INDIANAPOLIS — Game over, first-round series all but over. And the basketball LeBron James slammed off the court as he walked away from one of his most magnificent performances was the exclamation point.
Did the Cleveland Cavaliers fix what ailed them in a 119-114 comeback from a 25-point halftime deficit against the Indiana Pacers?
Fixing a problem
The only thing fixed for the Cavs on Thursday night was the resolve they fastened to their overwhelming talent. After a first half that called into question the sufficiency on the team of the qualities associated with a champion, the Cavs stormed back to complete a 119-114 comeback for a 3-0 series lead.
It was fitting that it happened as the gold T-shirts thousands of Pacers fans declared to be “one state, united by basketball.”
Seldom has there been a game in which the Cavs were bound together more securely by the speed, power, toughness, wile and will of LeBron James. He had a triple double with 41 points, 13 rebounds and 12 assists, as he hauled the Cavs back into the game by their jersey straps. The Cavs gave up 74 points then, the most of any James team ever in the playoffs.
The first half
The Pacers in the first half were making not only jump shots but crowd-pumping, rim-rocking, wham-bam jams that were YouTube-ready from takeoff to violent touch down. Myles Turner bullwhipped a one-hander off an offensive rebound that – Myles Turner? Really? – was like what LeBron James usually does – Seriously, Myles Turner! – does to other guys.
Paul George dunked a long, lazy side out of bounds pass over J.R. Smith.
On and on it went.
Someone would have to pay for this humiliation. The debt collectors were James, who played theentire second half, and some strange customers — Iman Shumpert, J.R.Smith, Kyle Korver, Deron Williams and Channing Frye. Kyrie Irving, Kevin Love and Tristan Thompson were afterthoughts as coach Tyronn Lue stuck with James and the teammates that brought hope.
The first half recalled the free-wheeling days of the ABA’s red, white and blue basketball, and such Pacers as Mel Daniels, George McGinnis and Roger Brown.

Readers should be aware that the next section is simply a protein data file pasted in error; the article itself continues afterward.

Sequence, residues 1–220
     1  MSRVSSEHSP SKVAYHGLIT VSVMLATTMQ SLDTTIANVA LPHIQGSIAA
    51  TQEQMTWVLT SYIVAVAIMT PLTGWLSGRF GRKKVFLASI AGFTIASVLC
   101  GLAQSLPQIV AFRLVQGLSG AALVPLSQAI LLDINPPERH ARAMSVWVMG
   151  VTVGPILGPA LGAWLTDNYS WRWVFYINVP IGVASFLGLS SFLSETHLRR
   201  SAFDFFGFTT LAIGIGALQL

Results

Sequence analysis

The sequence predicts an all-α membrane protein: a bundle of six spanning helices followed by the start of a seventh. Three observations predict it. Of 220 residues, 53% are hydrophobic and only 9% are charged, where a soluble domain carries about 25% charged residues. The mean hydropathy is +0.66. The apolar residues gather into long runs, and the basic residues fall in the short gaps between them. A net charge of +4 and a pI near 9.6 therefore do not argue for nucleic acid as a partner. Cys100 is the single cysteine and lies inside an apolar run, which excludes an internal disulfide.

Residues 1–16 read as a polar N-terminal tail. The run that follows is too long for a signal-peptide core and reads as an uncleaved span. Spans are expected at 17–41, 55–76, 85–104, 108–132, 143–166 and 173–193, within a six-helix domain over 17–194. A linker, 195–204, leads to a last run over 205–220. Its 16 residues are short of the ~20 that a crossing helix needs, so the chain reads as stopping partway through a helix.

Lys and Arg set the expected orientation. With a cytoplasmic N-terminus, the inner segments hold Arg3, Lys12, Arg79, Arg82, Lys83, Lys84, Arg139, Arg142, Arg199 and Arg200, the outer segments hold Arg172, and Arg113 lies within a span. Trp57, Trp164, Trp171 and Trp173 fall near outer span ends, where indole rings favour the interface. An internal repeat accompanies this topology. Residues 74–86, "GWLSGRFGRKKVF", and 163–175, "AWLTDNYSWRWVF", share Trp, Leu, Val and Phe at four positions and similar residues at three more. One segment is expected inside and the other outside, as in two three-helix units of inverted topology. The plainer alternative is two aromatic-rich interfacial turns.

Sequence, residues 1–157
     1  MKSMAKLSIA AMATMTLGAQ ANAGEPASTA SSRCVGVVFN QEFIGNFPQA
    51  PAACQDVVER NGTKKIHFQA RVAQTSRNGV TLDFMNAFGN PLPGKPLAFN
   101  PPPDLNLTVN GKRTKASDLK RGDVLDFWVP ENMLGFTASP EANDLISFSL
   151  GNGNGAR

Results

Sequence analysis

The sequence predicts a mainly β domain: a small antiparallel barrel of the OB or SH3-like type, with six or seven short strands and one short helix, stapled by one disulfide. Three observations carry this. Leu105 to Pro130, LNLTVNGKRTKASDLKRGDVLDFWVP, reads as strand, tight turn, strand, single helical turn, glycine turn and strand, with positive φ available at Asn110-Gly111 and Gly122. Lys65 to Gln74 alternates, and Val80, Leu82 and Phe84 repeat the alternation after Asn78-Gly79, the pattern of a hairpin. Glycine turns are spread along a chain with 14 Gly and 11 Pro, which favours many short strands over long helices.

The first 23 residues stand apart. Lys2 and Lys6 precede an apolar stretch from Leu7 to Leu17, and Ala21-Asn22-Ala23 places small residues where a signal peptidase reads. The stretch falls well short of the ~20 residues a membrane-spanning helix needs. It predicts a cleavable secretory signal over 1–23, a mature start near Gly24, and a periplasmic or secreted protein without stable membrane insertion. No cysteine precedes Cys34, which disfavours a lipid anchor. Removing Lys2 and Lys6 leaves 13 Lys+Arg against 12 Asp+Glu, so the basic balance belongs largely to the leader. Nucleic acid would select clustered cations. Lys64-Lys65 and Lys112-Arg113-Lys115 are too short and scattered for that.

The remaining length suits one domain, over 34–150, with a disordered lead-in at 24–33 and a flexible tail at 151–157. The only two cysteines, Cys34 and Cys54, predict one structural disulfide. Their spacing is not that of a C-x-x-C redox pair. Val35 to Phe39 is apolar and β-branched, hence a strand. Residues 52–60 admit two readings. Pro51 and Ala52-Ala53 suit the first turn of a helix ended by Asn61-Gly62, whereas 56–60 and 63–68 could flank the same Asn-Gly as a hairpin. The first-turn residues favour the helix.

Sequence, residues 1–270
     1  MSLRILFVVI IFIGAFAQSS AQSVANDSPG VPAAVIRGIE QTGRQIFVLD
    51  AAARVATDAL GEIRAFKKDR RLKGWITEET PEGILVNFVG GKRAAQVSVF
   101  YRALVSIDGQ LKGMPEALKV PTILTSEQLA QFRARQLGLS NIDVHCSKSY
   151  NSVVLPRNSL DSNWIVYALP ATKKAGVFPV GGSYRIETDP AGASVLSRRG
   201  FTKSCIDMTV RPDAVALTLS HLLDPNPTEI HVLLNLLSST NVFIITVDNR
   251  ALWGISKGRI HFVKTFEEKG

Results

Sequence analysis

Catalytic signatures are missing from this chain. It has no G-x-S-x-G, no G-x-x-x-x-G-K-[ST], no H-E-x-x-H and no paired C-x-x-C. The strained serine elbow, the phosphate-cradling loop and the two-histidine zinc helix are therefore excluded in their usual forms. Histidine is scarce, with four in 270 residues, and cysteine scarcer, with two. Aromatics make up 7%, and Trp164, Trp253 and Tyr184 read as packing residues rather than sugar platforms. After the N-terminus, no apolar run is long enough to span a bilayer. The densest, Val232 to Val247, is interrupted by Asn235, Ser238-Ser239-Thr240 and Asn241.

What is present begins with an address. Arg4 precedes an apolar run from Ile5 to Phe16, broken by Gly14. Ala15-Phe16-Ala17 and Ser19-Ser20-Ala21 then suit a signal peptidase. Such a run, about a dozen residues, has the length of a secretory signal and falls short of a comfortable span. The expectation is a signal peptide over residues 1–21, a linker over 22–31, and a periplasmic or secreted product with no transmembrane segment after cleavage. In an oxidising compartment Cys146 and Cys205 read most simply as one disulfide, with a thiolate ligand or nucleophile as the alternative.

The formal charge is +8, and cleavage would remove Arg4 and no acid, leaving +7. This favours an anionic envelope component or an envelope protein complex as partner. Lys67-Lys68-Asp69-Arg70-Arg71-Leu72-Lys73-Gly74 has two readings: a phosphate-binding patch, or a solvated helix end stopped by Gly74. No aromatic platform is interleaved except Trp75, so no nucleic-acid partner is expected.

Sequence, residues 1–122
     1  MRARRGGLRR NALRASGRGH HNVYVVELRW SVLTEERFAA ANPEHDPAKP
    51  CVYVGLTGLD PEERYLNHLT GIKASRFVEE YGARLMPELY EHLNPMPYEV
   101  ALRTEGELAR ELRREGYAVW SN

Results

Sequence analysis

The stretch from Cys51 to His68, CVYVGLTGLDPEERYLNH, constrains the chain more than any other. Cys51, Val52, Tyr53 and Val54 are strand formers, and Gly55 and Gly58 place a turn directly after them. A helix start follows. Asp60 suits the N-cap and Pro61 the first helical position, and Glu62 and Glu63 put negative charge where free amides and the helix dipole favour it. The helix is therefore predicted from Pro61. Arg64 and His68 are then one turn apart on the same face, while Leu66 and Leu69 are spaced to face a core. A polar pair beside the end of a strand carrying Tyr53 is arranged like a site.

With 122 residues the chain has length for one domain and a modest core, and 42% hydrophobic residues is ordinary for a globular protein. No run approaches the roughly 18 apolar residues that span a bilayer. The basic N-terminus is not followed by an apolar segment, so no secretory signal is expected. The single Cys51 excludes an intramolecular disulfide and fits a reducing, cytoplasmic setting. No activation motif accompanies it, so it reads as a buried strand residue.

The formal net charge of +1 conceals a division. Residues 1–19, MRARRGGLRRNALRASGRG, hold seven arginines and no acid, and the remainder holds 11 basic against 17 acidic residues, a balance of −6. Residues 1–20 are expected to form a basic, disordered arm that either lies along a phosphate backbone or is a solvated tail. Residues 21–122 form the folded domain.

These reveries occur in Indiana, a hoops mecca.
Then James reopened new echoes, sinking threes, including one 28-footer, driving to the basket for dunks that left Indiana’s defense with all the cohesion of a pile-up on the turn at the Indy 500, passing to Frye, Korver and Smith for more dead-eye balls to the center of the net.
James has now tied Oscar Ribertson for most 40-pointplayoff trible-doubles,w ith two. His first was in the NBA Finals last season.
“We knew we had to take one of their punches, but it was a flurry, more than we expected,” said James afterward.
Asked about his goals, he said, “My job is to empower my teammates, make them believe every night. I don’t settle, my mind is fresh, and sometimes, certain things just happen.”
With all James has seen and done, even he was ambushed by the dimensions of the comeback.
“There was so much excitement at the end with my teammates all coming down to congratulate each other, ” he said. “The postseason is already tough enough but for us to win like we did tonight, we don’t take that for granted.”
Turn out the lights
Hinkle Fieldhouse tribute lights hang from the ceiling of the lobby of Bankers Life Fieldhouse, where the Pacers play, like beacons to basketball. Here Jacks romped in the beanfields over giants and the vast prejudice of small minds lost the big one.
For decades, Hinkle Fieldhouse on the Butler campus on the north side of town was the shrine of Indiana basketball. The lights recall a gigantic arena built soon after the first peach baskets went up, in which Milan High School, near Cincinnati, became the real “Hoosiers” in 1954. Under those lights shone Oscar Robertson, who led the first African-American team, Crispus Attucks, to the 1957 state championship.
But the greatest player of this generation turned out the lights on Indiana’s brightest hopes Thursday. When will we ever see the like of LeBron James again?